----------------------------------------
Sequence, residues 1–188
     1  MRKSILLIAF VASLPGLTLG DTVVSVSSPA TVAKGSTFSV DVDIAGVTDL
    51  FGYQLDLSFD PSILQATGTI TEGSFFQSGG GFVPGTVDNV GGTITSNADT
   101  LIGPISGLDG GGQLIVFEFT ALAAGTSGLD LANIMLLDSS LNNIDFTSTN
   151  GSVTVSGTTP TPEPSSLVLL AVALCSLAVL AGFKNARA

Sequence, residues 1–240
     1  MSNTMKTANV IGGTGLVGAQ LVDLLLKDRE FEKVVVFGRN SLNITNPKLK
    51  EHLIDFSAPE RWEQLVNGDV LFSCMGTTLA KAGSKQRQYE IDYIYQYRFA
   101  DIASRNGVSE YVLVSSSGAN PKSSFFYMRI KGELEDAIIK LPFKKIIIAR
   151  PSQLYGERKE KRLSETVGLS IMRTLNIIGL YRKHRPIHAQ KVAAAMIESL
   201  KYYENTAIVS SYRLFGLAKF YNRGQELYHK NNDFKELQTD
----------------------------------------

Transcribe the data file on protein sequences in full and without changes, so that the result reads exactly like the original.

Sequence, residues 1–188
     1  MRKSILLIAF VASLPGLTLG DTVVSVSSPA TVAKGSTFSV DVDIAGVTDL
    51  FGYQLDLSFD PSILQATGTI TEGSFFQSGG GFVPGTVDNV GGTITSNADT
   101  LIGPISGLDG GGQLIVFEFT ALAAGTSGLD LANIMLLDSS LNNIDFTSTN
   151  GSVTVSGTTP TPEPSSLVLL AVALCSLAVL AGFKNARA

Sequence, residues 1–240
     1  MSNTMKTANV IGGTGLVGAQ LVDLLLKDRE FEKVVVFGRN SLNITNPKLK
    51  EHLIDFSAPE RWEQLVNGDV LFSCMGTTLA KAGSKQRQYE IDYIYQYRFA
   101  DIASRNGVSE YVLVSSSGAN PKSSFFYMRI KGELEDAIIK LPFKKIIIAR
   151  PSQLYGERKE KRLSETVGLS IMRTLNIIGL YRKHRPIHAQ KVAAAMIESL
   201  KYYENTAIVS SYRLFGLAKF YNRGQELYHK NNDFKELQTD